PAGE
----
Ideas To Transform India: 1.0 Dedicated Freight Corridor.
Every conscious person in India would know that India is building a Dedicated Freight Corridors(DFC). The first one is under construction in the western part of India. This post does not talk about that corridor. Instead, here I try to present a new kind of DFC, that I think would be better than the current one. It has come out from my imagination; hence it would be different than the real one.
Note: I do not have the data to get the perfect number, so I have used very aggressive generalization and approximation.
The one I imagine is similar to the current one in the regard that they both are a form of the railway system and use a railway track. My proposed plan is to make automated smart carriages, that when once programmed to go a place, carry the load to that place without a driver. The central idea here is to change the usual shipment that conventional freight train transfers to the system, which transmits all kinds of freight. Trucks are better for the short distance and bad for the long run because of their high cost, but still, in India, trucks are used for long-distance(usually for more then 300 km).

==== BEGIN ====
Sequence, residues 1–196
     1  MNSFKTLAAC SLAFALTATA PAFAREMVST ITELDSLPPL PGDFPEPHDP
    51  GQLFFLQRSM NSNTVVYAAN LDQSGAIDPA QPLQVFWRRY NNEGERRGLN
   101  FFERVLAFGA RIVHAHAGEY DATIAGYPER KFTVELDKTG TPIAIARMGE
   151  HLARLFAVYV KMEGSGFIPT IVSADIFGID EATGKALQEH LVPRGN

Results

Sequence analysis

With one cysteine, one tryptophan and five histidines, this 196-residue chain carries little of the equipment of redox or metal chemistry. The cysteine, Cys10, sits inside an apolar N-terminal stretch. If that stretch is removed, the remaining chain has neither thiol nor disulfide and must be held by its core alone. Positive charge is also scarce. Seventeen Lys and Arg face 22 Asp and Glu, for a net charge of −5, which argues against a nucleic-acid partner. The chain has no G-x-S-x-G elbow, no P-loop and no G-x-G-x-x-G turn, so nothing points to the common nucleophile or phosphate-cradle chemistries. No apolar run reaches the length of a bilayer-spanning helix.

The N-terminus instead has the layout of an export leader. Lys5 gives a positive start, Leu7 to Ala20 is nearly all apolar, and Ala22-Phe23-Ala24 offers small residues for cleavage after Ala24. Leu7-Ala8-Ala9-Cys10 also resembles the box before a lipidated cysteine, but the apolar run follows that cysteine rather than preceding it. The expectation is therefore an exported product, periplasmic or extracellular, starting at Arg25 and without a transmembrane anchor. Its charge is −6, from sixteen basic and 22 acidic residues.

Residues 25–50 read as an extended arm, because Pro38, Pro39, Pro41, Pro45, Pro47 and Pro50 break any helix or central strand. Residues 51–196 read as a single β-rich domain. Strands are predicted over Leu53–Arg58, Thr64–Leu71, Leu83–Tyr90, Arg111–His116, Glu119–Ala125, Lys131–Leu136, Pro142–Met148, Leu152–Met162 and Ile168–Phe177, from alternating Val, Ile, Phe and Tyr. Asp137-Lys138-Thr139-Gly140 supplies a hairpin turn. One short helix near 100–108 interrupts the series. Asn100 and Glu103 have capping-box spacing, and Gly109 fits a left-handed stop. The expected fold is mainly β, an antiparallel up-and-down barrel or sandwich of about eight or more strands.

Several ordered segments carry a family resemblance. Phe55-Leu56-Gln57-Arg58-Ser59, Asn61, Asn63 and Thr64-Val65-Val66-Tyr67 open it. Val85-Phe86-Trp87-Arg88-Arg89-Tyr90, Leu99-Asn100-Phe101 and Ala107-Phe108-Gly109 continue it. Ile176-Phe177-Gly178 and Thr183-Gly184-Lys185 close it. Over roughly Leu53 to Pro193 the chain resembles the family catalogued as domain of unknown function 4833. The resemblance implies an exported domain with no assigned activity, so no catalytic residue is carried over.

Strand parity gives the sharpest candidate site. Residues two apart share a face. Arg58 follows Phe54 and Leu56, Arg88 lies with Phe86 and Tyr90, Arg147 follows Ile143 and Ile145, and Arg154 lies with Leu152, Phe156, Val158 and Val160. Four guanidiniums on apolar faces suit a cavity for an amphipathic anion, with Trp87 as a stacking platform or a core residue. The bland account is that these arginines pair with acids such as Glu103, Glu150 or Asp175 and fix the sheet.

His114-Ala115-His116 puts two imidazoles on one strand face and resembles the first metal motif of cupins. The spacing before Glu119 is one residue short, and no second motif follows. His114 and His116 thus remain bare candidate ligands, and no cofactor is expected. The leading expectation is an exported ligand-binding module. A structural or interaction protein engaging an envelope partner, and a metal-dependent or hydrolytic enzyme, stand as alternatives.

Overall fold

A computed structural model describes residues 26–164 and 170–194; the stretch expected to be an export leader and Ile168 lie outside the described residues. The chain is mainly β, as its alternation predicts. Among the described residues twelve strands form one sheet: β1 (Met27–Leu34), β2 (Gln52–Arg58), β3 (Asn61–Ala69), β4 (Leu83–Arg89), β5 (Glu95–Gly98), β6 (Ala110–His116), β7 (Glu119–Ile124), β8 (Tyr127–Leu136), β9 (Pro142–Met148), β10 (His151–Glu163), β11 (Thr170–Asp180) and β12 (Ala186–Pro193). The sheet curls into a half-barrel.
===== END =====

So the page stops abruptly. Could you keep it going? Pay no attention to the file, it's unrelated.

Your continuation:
Track: The tracks would be 100% electrified and couple with a high tech control system. The route is going to cover the whole country, connecting every Sea Ports, big cities, and industrial hubs. The track would be interconnected, providing connectivity to every part of India. On these tracks, the carriages are going to run alone like trucks, but when thousands of carriages go on the single lane, then their relative speed should be zero, so they would not collapse on one another. The problem here is that these carriages would carry all kinds of material, some heavy and other light. High speed is not optimal for heavy freight. Hence, they are going to slow down the whole system. So the track that can support a maximum pace of 130 kmph and carriage speed of 75 kmph would be preferable. One big problem with a single carriage freight train would be the changing of the track to put the carriage on the right path. An automated electric system would be preferable. The carriages would come in the variable time interval that would lead to malfunction, so having a safety track parallel to the main lane near the junction would provide more chances to put the carriage on the right one.